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Article 1, Section 9, Clause 7

Document 2

House of Representatives, Official Conduct of the Secretary of the Treasury

28 Feb. -- 1 Mar. 1793Annals 3:900--904, 911, 938--39, 963

[28 Feb.]

Mr. Giles then moved that they should be referred to a Committee of the Whole House.

Mr. W. Smith was decidedly opposed to referring those resolutions to the consideration of the Committee of the Whole House, because he neither viewed a discussion of them as necessary on the present occasion nor warranted by the nature of the inquiry into the Secretary's conduct. It was trifling with the precious time of the House to lavish it on abstract propositions, when the object of the inquiry ought to be into the facts. He was satisfied that should the House once involve itself in an investigation of theoretic principles of Government the short residue of the session would be exhausted, and no opportunity remain for examining the charges themselves. Those charges being made, it became the House from a sense of duty to the public and justice to the accused to proceed immediately to consider them. If the mover intended to apply the principles of the two first resolutions to the facts contained in the subsequent ones, it was unquestionably proper first to substantiate the facts, and then establish the principles which were applicable to them; but it was surely a reversal of order to spend much time in establishing principles, when it might happen that the charges themselves would be totally unsupported. He did not like this mode of proceeding, because it might tend to mislead the House; it was sometimes a parliamentary practice to endeavor to lead the mind to vague and uncertain results, by first laying down theorems from which no one could dissent, and then proceeding by imperceptible shades to move unsettled positions, in order ultimately to entrap the House in a vote which in the first instance it would have rejected. This mode of conducting public business, he considered as inconsistent with fair inquiry. The question was, had the Secretary violated a law? If so, let it be shown; every member was competent to decide so plain a question. He could examine the proofs, read the law, and pronounce him guilty or innocent without the aid of these preliminary metaphysical discussions.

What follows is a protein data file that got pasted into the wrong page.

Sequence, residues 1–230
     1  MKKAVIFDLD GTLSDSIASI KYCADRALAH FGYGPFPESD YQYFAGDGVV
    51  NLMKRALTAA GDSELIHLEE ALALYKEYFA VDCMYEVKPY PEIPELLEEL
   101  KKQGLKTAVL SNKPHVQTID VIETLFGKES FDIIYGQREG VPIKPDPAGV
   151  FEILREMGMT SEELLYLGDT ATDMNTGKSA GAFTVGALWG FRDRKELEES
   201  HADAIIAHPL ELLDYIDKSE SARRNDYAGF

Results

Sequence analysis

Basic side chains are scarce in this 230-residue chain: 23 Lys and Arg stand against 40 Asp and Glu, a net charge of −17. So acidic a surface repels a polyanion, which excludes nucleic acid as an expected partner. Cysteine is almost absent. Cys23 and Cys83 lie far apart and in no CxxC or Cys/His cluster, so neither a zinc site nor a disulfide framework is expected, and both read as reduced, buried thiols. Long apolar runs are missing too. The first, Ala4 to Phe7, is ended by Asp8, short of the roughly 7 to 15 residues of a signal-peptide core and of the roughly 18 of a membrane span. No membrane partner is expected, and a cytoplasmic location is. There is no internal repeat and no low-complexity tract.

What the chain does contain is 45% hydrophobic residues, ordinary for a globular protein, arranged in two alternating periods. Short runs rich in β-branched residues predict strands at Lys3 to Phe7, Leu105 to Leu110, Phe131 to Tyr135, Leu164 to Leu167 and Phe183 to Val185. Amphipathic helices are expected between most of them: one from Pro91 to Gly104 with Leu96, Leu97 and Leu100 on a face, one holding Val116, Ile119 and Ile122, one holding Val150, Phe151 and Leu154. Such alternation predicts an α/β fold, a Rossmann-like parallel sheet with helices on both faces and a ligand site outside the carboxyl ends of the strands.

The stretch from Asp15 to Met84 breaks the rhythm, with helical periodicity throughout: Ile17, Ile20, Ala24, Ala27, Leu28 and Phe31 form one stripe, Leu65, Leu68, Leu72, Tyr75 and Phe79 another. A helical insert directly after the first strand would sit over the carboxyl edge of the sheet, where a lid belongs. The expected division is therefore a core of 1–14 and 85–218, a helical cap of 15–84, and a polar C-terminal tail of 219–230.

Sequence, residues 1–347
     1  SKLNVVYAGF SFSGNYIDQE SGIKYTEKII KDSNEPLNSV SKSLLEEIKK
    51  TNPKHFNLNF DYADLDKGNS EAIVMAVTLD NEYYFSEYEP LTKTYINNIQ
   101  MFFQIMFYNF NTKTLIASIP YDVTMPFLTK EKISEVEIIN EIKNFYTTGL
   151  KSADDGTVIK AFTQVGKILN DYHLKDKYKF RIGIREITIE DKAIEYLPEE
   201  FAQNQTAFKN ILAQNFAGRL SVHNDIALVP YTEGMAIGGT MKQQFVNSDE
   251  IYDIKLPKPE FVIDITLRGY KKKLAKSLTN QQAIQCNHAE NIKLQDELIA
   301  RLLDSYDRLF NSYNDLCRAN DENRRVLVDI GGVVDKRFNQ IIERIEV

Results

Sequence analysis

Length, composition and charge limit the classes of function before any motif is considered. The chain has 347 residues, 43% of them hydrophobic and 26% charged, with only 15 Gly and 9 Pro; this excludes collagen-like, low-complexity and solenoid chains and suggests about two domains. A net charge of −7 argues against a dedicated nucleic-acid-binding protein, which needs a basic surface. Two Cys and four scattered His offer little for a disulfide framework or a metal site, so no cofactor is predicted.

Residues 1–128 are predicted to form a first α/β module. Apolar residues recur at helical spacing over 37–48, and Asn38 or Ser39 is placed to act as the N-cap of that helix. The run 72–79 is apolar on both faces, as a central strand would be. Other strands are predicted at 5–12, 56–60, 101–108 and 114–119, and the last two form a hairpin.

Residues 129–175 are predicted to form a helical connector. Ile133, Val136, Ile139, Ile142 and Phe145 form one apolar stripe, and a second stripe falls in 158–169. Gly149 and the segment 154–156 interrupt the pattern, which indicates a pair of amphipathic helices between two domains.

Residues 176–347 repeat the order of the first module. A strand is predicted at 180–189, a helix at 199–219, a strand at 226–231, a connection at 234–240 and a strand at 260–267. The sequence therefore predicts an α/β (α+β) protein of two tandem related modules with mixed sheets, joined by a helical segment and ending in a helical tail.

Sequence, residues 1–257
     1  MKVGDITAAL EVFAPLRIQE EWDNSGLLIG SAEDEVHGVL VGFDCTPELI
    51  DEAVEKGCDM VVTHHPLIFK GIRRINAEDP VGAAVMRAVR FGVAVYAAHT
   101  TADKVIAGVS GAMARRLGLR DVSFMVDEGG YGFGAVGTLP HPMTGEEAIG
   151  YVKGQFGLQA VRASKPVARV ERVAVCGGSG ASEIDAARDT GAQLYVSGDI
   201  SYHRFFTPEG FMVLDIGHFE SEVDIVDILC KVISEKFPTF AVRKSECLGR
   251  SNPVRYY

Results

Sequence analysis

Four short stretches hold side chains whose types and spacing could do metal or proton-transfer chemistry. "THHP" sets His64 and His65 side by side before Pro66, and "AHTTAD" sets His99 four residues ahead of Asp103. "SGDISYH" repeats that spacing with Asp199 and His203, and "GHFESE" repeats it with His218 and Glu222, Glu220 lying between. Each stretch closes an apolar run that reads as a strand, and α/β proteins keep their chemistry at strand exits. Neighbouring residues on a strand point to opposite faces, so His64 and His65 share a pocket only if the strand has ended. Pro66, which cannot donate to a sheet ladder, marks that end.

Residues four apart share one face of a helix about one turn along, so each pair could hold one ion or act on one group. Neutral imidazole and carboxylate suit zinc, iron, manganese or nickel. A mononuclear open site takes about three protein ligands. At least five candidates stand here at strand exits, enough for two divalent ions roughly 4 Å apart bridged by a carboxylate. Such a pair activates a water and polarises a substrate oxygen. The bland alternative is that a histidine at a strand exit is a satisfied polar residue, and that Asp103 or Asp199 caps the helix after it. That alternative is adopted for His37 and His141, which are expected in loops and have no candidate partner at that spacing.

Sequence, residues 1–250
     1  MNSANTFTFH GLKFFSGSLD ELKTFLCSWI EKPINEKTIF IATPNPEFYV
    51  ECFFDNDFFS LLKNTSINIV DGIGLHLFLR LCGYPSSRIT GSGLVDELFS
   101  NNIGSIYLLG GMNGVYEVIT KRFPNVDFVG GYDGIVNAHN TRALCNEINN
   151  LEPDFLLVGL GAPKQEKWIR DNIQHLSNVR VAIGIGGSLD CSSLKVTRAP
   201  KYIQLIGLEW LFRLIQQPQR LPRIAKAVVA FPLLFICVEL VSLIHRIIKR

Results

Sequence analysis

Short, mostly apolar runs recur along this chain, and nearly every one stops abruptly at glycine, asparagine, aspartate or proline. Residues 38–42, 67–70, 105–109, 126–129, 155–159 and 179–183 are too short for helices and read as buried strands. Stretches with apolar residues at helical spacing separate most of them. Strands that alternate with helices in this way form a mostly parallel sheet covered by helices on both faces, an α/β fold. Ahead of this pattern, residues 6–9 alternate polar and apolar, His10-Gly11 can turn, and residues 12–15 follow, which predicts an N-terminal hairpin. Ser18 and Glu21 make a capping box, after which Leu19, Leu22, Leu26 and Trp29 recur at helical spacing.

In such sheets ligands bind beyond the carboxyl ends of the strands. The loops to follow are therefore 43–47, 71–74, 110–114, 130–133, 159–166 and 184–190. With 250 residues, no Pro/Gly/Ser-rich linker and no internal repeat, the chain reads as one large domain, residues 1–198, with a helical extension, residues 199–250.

If it were urged that the propositions are so plain and obvious that no time would be lost in considering them, he then begged leave to observe that all antecedent discussions of constitutional questions had never failed to occupy a large portion of their time, and that however self-evident the resolutions might at the first glance appear, a more critical attention would satisfy a mind not much given to doubt that they were by no means so conclusive as to be free from objections.

Though the position contained in the first resolution, as a general rule, was not to be denied; yet it must be admitted, that there may be cases of a sufficient urgency to justify a departure from it, and to make it the duty of the Legislature to indemnify an officer; as if an adherence would in particular cases, and under particular circumstances, prove ruinous to the public credit, or prevent the taking measures essential to the public safety, against invasion or insurrection. In cases of that nature, and which cannot be foreseen by the Legislature nor guarded against, a discretionary authority must be deemed to reside in the President, or some other Executive officer, to be exercised for the public good; such exercise instead of being construed into a crime, would always meet the approbation of the National Legislature. If there be any weight in these remarks, it does not then follow as a general rule, that it is essential to the due administration of the Government, that laws making specific appropriations should in all cases whatsoever, and under every public circumstance, be strictly observed. Before the Committee could come to a vote on such a proposition, it would be proper to examine into the exceptions out of the rule, to state all the circumstances which would warrant any departure from it, to whom the exercise of the discretion should be entrusted, and to what extent. Did any member wish at this period to attempt this inquiry? He supposed not. Let every deviation from law be tested by its own merits or demerits.